The first all-electric variant will arrive in 2024.

By the middle of the decade, Jaguar will have undergone a renaissance to emerge as a pure electric luxury brand with a dramatically beautiful new portfolio of emotionally engaging designs and pioneering next generation technologies, said JLR.

Although the nameplate may be retained, the planned Jaguar XJ replacement will not form part of the line-up, as the brand looks to realise its unique potential.

Jaguar and Land Rover will offer pure electric power, nameplate by nameplate, by 2030. By this time, in addition to 100% of Jaguar sales, it is anticipated that around 60% of Land Rovers sold will be equipped with zero tailpipe powertrains.

Jaguar Land Rover’s aim is to achieve net zero carbon emissions across its supply chain, products and operations by 2039.

As part of this ambition, the company is also preparing for the expected adoption of clean fuel-cell power in line with a maturing of the hydrogen economy.

Development is already under way with prototypes arriving on UK roads within the next 12 months as part of the long term investment programme.

Annual commitments of around £2.5bn will include investments in electrification technologies and the development of connected services to enhance the journey and experiences of customers.

Plans involve Land Rover using the forthcoming flex Modular Longitudinal Architecture (MLA) to deliver electrified internal combustion engines (ICE) and full electric variants as the company evolves its product line-up in the future.

In addition, Land Rover will also use pure electric biased Electric Modular Architecture (EMA) which will also support advanced electrified ICE.

Future Jaguar models will be built exclusively on a pure electric architecture.

JLR said it will retain its plant and assembly facilities in the home UK market and around the world.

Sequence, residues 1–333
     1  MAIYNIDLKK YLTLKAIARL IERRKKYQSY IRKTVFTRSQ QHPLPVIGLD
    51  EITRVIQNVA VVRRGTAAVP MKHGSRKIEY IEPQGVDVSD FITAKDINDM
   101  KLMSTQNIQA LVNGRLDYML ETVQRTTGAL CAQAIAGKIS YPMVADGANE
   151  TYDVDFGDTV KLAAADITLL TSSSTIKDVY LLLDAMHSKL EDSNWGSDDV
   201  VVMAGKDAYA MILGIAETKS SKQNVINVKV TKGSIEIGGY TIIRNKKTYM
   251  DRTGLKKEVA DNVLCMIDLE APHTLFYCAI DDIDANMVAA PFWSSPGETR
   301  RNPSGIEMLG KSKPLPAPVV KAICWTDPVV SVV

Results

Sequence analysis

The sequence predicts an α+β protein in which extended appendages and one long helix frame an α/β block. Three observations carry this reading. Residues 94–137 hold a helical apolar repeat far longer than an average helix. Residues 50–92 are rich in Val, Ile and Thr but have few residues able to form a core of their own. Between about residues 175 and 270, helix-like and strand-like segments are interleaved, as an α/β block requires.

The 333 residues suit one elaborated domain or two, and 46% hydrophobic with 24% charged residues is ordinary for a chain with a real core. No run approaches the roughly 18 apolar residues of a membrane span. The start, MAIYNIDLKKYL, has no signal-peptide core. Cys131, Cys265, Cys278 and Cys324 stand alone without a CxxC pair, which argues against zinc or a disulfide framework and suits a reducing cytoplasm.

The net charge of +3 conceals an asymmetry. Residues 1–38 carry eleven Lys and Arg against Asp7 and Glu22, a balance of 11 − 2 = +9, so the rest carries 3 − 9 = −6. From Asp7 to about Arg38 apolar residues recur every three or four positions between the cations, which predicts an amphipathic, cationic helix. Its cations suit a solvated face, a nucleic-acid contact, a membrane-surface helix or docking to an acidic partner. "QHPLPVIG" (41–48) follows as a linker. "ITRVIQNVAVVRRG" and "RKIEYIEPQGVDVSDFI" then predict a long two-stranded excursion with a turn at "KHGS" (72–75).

Key partners including trade unions, retailers and those in the supply chain will continue to play a vital part of the extended new Jaguar Land Rover ecosystem, it said.

As evidenced with the latest financial results, Jaguar Land Rover has a strong foundation on which to build a sustainable and resilient business. In the three months to December 31, 2020, JLR achieved a profit before tax of £439m, after £37m of exceptional charges, up £374m from the second quarter and £121m from a year ago.

JLR said that, to realise its vision of modern luxury mobility with confidence, it will curate closer collaboration and knowledge-sharing with the parent Tata Group companies to enhance sustainability and reduce emissions as well as sharing best practice in next-generation technology, data and software development leadership.

Jaguar Land Rover has been a wholly-owned subsidiary of India’s Tata Motors, in which Tata Sons is the largest shareholder, since 2008.

Bringing all these ingredients together, Jaguar Land Rover said it is on a path towards double-digit EBIT margins and positive cash flow, with an ambition to achieve positive cash net-of-debt by 2025.

Ultimately, Jaguar Land Rover said it aims to be one of the most profitable luxury manufacturers in the world.

Mr N Chandrasekaran, chairman of Tata Sons, Tata Motors and Jaguar Land Rover Automotive, said: “The Reimagine strategy takes Jaguar Land Rover on a significant path of acceleration in harmony with the vision and sustainability priorities of the wider Tata Group.

“Together, we will help Jaguar realise its potential, reinforce Land Rover’s timeless appeal and collectively become a symbol of a truly responsible business for its customers, society and the planet.”